Conceivably, a person who suffered no personal losses during Superstorm Sandy could move to a town well inland with up to $50,000 courtesy of the federal government under the state's Sandy Homebuyer Assistance Program.
While those with secondary homes damaged by the storm remain locked out of any assistance at all, news of the homebuyer program led Stop FEMA Now founder, Toms River resident George Kasimos, to speak out recently in opposition to what he sees as relief funds being directed the wrong way.
State officials, however, disagree.
The Sandy Homebuyer Assistance Program is a means-tested program which provides up to $50,000 for those the state of New Jersey considers low-to-moderate income earners to buy homes in the nine counties most affected by Sandy.
But the eligibility factor largely stops there. Applicants must have a credit score of 620 or above and be eligible for a mortgage from a traditional bank – and they must stay in their home for five years to have the loan forgiven, and effectively turned into a grant – but there is no obligation for the applicant to have suffered losses during the storm or to move into an area that was directly affected by Sandy. The home must simply be located within the nine counties, and initial applicants must currently live in one of those counties. Later, state officials say, the program will be expanded to those who live elsewhere.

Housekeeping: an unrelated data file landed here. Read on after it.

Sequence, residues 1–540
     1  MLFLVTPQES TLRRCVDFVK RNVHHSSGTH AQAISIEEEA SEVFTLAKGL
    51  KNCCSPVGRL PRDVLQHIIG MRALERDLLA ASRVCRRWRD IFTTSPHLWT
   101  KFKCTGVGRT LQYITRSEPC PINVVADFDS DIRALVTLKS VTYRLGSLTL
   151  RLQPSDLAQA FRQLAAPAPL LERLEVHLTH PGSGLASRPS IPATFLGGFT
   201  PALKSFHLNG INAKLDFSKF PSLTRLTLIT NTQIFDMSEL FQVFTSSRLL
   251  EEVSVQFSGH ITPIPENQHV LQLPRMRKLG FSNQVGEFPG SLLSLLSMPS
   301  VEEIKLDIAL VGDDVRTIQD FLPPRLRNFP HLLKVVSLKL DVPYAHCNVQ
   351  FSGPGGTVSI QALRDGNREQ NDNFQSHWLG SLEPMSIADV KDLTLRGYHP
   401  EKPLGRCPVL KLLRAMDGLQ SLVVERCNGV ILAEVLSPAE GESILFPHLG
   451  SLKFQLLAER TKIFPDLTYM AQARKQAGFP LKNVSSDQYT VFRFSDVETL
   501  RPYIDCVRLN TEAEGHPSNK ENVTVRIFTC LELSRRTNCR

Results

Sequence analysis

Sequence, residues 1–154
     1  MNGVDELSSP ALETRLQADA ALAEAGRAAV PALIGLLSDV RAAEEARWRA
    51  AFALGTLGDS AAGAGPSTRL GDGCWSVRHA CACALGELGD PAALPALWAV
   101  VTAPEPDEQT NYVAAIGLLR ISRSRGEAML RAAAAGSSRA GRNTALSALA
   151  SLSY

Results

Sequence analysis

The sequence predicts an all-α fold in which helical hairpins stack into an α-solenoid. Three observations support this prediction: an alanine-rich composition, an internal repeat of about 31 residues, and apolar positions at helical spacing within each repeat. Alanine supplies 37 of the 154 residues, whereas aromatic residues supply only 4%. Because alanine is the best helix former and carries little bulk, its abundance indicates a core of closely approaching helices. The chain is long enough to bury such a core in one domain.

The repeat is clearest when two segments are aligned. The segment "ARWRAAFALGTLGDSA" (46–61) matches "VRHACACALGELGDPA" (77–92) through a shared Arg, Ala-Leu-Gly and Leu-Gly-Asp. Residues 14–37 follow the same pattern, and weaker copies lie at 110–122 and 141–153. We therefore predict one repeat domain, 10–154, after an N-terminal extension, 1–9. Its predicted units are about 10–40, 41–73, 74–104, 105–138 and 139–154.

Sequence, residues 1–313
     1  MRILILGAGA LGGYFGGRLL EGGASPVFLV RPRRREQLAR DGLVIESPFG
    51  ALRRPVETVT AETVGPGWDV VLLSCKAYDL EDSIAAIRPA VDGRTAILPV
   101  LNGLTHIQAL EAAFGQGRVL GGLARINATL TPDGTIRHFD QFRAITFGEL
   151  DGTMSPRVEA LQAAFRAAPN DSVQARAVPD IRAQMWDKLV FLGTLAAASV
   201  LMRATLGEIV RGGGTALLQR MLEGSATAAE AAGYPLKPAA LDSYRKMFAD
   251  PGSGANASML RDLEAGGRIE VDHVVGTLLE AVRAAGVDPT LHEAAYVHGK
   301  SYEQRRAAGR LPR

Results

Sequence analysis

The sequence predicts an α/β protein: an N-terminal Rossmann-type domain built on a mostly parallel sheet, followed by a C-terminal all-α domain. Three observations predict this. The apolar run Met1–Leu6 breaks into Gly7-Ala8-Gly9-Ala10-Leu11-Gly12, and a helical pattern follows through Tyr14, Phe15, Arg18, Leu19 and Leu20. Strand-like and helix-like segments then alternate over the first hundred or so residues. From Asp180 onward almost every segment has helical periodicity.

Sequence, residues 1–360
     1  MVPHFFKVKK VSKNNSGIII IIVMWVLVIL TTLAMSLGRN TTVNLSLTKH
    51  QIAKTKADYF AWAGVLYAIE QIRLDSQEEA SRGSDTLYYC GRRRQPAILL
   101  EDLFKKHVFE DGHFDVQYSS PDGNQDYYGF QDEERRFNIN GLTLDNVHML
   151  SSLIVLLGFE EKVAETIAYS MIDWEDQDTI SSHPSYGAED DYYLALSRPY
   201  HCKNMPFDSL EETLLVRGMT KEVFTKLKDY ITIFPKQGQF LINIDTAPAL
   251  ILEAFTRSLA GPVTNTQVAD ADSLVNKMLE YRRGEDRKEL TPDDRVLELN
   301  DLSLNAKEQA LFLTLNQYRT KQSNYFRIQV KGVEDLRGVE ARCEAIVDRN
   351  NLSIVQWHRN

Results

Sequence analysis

While there are no expressed citizenship requirements, state officials
say the documentation required for the program would effectively limit participation to U.S. citizens.
"I'm angry, it doesn't make sense," said Kasimos. "We're helping people buy homes when we're not helping current owners – primary and secondary – retain their homes."
"It's as if we're helping current homeowners move out. It's unfathomable that our government can even come up with a program like this and our elected officials aren't saying anything about it."
The program was designed "with a focus on providing stability to those communities most impacted by the storm," said Lisa Ryan, spokeswoman for the state Department of Community Affairs, the state agency which is overseeing the distribution of funding.
program is geared towards creating homeowners in the nine counties most
impacted by the storm, first by offering the
program to households currently living in those counties and then
opening the doors of those counties to anyone else who would like to
participate," said Ryan.
There are additional practical reasons for offering the program, officials have said.
The program is being aimed at helping residents of storm-affected counties buy primary homes at a time when there are fewer rental properties available – and those that are commanding higher monthly rents.
"It also aims to stimulate the market for new and restored homes in the nine most-impacted counties," said DCA Commissioner Richard E. Constable, III.
The state has dedicated $25 million in federal funds to the program, DCA officials said.
The program will assist 500 families with home purchases over the next two years, said Anthony Marchetta, executive director of the New Jersey Housing and Mortgage Finance Agency.
Residents of Atlantic, Bergen, Cape May, Essex, Hudson, Middlesex, Monmouth, Ocean, and Union counties can apply for assistance through Oct. 25, at which time the program will be open to all New Jersey residents.